Those who know me well and even those who meet me for the fist time, in a cooking class or in a book presentation, they often define me as a genuine and spontaneous girl. Elegant, refined, charming, sporty… these are not the first adjectives that come to mind when searching for a way to describe me, but I would say that genuine and spontaneous make more than happy, they fit me like with an old pair of slippers that you won’t throw away as they are comfortable.
Genuine to me is the milk that you drink in a pasture in the mountains or a homemade cake for breakfast. I therefore welcome it with enormous gratitude. My spontaneity manifests itself in being very simple in my expressions of affection, interest, curiosity or even dislike.
And spontaneity makes me immediately think about Spring and wild herbs, a light and vital season and one of the most precious gifts of nature. How not to be happy to be spontaneous, even though this sometimes causes gaffes, bloopers and hard times in having a formal approach to unknown people.
Wild herbs ad foraged herbs. How I would love to be able to recognize them all. Last week we took a walk along Via Francigena, the old road which pilgrims would take to reach Rome from the Northern Europe. We were suddenly behind the hills and the woods running along the road where we usually drive. It was a different and timeless landscape, with carefully farmed fields, vineyards, meadows and woods.
My eyes were hungry to discover new sights, they would incessantly run from the pale green vines to the uneven road made of red earth. Here and there I would spot herbs which I was able to give a name to, bladder campion here, which we know as strigoli, dandelion there, then a bunch of wild radicchio. It’s like sliding your finger on a map and recognize familiar names, which make you feel at home.
Next to those three or four herbs which I would recognize there were countless flowers, roots, bushes and leaves without a name. Yet I’m sure that edible herbs were concealed behind their mysterious appearance, herbs which surely a few decades ago were part of the locals’ food routine.
I felt the urge to take a course to learn to recognize those herbs, to collect them, use them in the kitchen, make decoctions, essences and liqueurs. But when I look at the daily duties, I put this dream next to the French course and a chocolate and pastry class. Yet this year I’ve been able to attend two bread making courses, perhaps in the future I will be able to explore these other aspects that intrigues me so much.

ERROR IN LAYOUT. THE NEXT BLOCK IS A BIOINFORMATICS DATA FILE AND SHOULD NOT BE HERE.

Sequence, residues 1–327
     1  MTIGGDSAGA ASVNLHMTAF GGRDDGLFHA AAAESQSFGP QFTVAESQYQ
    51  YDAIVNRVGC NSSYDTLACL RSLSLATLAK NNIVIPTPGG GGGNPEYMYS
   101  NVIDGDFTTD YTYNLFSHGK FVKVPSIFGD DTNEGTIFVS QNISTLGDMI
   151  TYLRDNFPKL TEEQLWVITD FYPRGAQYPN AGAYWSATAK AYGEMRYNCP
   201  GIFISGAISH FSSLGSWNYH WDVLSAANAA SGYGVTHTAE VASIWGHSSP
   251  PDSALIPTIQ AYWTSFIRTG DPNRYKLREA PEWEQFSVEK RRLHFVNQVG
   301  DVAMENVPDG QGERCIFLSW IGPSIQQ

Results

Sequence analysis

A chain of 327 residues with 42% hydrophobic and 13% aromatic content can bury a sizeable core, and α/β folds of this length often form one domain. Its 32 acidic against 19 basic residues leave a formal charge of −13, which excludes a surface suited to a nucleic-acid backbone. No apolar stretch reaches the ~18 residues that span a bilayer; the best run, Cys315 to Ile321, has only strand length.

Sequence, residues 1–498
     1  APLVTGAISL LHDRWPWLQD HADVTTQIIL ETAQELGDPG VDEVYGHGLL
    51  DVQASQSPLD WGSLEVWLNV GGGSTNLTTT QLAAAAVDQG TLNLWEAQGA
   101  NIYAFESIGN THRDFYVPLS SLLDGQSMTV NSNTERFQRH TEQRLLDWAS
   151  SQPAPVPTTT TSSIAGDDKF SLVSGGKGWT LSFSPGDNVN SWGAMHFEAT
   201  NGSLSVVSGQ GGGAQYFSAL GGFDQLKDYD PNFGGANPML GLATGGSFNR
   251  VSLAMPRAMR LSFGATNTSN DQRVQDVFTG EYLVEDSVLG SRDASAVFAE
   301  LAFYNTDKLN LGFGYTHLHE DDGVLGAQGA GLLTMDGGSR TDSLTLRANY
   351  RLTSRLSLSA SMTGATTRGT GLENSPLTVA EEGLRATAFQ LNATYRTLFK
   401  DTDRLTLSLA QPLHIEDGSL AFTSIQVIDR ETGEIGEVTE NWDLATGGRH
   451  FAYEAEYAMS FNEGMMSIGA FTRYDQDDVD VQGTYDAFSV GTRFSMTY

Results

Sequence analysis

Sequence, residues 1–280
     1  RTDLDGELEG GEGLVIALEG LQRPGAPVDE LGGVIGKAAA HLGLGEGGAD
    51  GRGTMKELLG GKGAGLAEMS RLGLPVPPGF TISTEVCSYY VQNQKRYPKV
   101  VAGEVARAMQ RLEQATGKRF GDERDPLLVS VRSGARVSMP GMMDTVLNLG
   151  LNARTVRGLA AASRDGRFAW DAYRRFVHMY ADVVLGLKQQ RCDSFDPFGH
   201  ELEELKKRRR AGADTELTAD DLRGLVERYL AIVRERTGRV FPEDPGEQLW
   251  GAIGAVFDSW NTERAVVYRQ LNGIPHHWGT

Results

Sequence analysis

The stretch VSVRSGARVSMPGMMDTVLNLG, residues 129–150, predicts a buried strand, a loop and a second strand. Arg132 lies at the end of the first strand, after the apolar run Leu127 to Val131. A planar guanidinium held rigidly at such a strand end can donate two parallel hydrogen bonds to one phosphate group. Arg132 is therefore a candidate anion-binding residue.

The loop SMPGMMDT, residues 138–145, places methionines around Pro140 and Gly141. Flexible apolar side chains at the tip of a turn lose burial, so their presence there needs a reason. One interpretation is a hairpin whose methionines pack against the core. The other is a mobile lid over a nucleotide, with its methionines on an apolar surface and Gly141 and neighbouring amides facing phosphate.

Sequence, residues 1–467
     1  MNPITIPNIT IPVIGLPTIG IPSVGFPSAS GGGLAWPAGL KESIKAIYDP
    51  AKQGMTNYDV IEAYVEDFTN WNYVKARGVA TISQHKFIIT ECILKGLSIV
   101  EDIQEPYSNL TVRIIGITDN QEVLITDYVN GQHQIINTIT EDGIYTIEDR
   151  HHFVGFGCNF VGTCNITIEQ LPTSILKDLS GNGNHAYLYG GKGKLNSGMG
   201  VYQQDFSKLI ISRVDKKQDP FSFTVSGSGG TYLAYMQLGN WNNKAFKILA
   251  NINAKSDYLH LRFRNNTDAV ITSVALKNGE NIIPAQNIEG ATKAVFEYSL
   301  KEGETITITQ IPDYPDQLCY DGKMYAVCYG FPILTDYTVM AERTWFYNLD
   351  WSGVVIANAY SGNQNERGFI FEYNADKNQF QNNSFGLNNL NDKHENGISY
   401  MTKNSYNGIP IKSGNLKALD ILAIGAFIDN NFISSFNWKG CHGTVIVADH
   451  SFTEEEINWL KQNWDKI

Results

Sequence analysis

Wild asparagus risotto
A few weeks ago, at the Sunday farmers’ market in Santo Spirito in Florence, I met an interesting farm, La Penta, from San Polo in Chianti. Its stall stood out of the crowd of people who flocked to the square in one of the first sunny days of the season. It was crammed with salads, cardoons, asparagus and foraged herbs. I got closer, charmed by all that fresh green. I bought some herbs, carefully foraged by knowing hands.
I know, it’s not like having a walk in the woods and coming back home with a basket of wild asparagus, but the final result, the taste of the risotto, it’s the same: a glorious spring risotto.
Wild asparagus risotto
- 2 bunches of wild asparagus, about 200 g
- 200 g of brown rice - I used the Baldo rice, good to make risotto
- ½ white onion
- 2 tablespoons of extra virgin olive oil
- 1/2 cup of white wine
- 1 liter of boiling salted water
- 2 g of saffron
- 60 g of soft Tuscan pecorino
- Slice the onion very thinly and put it in a thick-bottomed pan with olive oil. Saute over low heat, then add the rice and stir to toast, until it becomes translucent.
- Pour the white wine and let it reduce, stirring on medium-low heat.
- Cook the risotto adding gradually the salted boiling water, where you previously dissolved the saffron.
- After about 25 minutes, add the chopped wild asparagus, keeping the tips aside. Cook the rice gradually adding the hot saffron water and stirring with a wooden spoon. The rice will be ready after about 45 minutes of total cooking.
- Before serving, add the asparagus tips and whip it with the pecorino cheese cut into cubes to make it creamier. Serve immediately.
- If I think about wild herbs, Claudia is the first person that comes to mind. She has a specific section of her blog dedicated to foraging wild herbs and she organizes hands-on classes, too.
- Here I told you about a good old fashioned morning, without electricity or internet connection, searching for wild herbs with grandma.
- With radicchio and dandelion I made also acquacotta and gnudi.
- One the most easily recognizable wild hers is nettle: Valeria used that to make an interesting pesto.